When I was a teenager, our family went on holidays in the northern mountains of Pakistan - to Hunza, the fabled land of 'Shang-ri-la'.
The mountains are incredible, the views are amazing, and the 'walks' (I use that term loosely) are for mountain climbers.
My father is a bit of an adventure-lover. And needless to say, he wanted us all to go on a particular walk he'd heard about.
"It's just up to a shepherd's hut," he said to convince us. "It'll take a few hours - just a day's walk."
We children were always less keen than Dad on such things, and voiced our dissent, but he convinced us, saying, "Look, Deb and Eunice went on it last year, and they made it, so you'll make it too."
Deb and Eunice, while the most wonderful people you can ever imagine, were not the doyennes of fitness at that stage of their lives, so we figured that the walk would be possible.
We set out early the next morning, and on the beginning of the track met some friends, also holidaying in the area. This intrepid couple had two little children with them, whom they were carrying in packs on their backs. We decided to walk together, and set off.
To be completely honest, it was the most horrendous hike. The track started out flat but quickly changed to vertical. It was a climb - over rocks, up landslide scree, past and over steep angled rushing rivers.
My legs began hurting within 25 minutes, and the pain didn't stop for the next three days. There were times when I thought I would have to sit down and die because it just wasn't possible to go on.
We climbed and climbed for four hours or more. But then we got to the top. And it was a sight to behold. The view was unbelievable - snow caps in the distance and such a blue sky. It was like we were at the top of the world in clear fresh air. I will never forget the feeling of having made it, sitting there panting in relief.
Going down was almost worse than climbing up, but at least we knew how long it would take, and that bed was waiting at the other end. (Embarrassingly: as we climbed down, at 4 in the afternoon, we met a climber cheerfully jogging up the path, whistling. It turned out he was at a base camp, a little higher up than the Shepherd's Hut and had 'just run down to town for some supplies'.)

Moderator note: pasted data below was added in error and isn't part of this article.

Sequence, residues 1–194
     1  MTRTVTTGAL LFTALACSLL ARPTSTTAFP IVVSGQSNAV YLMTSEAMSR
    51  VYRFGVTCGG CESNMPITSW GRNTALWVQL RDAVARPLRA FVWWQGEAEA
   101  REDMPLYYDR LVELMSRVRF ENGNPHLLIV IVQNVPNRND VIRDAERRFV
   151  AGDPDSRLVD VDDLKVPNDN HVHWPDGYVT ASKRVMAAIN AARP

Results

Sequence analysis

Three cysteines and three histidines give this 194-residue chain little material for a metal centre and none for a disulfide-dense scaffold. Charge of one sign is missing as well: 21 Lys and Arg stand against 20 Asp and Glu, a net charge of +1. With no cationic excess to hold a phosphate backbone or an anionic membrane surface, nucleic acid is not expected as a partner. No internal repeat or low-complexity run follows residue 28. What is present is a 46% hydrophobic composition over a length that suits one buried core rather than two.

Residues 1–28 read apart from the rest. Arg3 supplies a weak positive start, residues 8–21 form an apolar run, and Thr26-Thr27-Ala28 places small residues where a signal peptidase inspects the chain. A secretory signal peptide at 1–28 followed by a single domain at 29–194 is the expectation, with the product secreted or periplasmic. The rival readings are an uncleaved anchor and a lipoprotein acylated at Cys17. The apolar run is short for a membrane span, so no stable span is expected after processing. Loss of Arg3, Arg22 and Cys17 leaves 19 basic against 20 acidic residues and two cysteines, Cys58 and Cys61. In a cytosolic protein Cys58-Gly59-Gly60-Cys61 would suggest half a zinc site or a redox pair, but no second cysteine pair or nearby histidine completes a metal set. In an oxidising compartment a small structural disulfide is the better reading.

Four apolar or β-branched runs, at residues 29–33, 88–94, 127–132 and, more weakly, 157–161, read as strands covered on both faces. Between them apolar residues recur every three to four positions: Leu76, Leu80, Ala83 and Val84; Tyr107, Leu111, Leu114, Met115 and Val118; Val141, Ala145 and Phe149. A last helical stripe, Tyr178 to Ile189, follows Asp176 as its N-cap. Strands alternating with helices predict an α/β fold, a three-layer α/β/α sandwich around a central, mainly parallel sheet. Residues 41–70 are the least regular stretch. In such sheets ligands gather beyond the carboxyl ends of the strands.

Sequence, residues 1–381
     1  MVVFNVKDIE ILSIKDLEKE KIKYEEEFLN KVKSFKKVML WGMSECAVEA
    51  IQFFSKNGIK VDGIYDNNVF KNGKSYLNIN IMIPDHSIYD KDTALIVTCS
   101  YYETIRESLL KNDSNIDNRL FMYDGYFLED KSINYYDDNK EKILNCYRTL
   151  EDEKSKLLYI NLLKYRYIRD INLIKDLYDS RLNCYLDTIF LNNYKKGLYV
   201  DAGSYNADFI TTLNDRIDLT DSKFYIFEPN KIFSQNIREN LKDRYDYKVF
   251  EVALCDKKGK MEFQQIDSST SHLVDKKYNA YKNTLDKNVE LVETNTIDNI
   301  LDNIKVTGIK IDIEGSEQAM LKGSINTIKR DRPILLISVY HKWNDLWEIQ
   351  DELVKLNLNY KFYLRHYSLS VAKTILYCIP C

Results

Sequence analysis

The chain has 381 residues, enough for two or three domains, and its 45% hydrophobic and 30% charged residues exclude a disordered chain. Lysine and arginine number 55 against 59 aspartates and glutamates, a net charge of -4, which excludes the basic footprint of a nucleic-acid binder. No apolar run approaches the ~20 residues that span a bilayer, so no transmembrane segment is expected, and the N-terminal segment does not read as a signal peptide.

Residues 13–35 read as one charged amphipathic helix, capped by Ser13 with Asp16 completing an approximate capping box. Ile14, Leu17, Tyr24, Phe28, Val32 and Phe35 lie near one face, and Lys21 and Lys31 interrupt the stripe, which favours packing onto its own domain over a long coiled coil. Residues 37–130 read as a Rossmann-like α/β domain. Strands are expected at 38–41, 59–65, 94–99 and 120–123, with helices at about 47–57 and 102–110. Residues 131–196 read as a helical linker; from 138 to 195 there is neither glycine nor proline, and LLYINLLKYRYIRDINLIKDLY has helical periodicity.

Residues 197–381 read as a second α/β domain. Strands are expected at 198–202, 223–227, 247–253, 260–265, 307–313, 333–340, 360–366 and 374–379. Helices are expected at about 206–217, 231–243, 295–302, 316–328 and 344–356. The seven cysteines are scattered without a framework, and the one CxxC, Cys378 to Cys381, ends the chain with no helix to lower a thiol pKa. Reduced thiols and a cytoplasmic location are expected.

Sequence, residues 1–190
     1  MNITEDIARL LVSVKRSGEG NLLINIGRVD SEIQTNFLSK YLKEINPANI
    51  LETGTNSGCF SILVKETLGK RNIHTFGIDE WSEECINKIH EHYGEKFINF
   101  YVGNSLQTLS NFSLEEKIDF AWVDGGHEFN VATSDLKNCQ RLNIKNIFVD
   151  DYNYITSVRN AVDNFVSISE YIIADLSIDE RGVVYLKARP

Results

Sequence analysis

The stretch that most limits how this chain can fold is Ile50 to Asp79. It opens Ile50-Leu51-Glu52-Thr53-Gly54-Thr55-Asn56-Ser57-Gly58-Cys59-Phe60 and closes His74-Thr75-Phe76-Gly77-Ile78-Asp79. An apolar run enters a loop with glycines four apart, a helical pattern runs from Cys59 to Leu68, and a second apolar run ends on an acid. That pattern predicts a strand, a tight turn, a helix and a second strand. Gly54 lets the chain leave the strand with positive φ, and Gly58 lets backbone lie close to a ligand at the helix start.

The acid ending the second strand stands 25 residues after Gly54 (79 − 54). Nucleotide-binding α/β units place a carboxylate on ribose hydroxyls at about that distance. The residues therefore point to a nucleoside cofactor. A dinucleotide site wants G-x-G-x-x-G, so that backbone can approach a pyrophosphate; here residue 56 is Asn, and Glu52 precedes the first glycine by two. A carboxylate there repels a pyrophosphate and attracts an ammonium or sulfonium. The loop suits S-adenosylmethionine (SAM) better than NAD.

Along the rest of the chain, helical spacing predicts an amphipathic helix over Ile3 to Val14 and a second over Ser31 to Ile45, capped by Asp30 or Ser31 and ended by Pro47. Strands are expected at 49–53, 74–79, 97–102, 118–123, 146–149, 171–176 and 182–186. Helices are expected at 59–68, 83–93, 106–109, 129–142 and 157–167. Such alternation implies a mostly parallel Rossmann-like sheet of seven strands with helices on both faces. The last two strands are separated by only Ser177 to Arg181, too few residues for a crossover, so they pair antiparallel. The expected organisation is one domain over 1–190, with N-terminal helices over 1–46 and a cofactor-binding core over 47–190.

The next day, hardly able to walk due to lactic acid build up in every single muscle we possessed, we groaningly met up with our friends, the pair who had carried their children up that horrendous hike.
"You'll never guess what it said in the guide book about that walk," our friend said. "We just read it - it's recommended for experienced hikers only."
We could believe it. We had suffered up that hill and back.
But here's the interesting thing: not one adult ever suggested throwing in the towel and turning around, even though they were in agony with every step.
"Well, we thought, if they could carry their children up that path, we ought to be able to walk it," said my dad.
And, "we thought that if your parents who were 15 years older than us could do it, we ought to be able to do it, being young and fit and in our prime", said our friend.
"Anyway," they both added, "we thought we'd never live it down if word got out that we quit when Deb and Eunice could make it."
I share this story to illustrate the positive pushing power of peer pressure. A friend with little kids blogged today about how she couldn't believe what some other mothers do, with more than two children, let alone interests and hobbies and cooking to juggle. She felt quite inadequate and slovenly in comparison.
My comment was that she has articulated the despairing cry of every woman with little children on the planet! All of us feel we can't do it, can't make it, can't continue, almost every day. But we look around and find the person who looks like they have it all together, and say, "Well, if she can do it, I can!"
We forget that she's also looking around going, "I can't do it, can't make it, can't continue... but I'd better because that woman over there can do it."
And so the world goes around.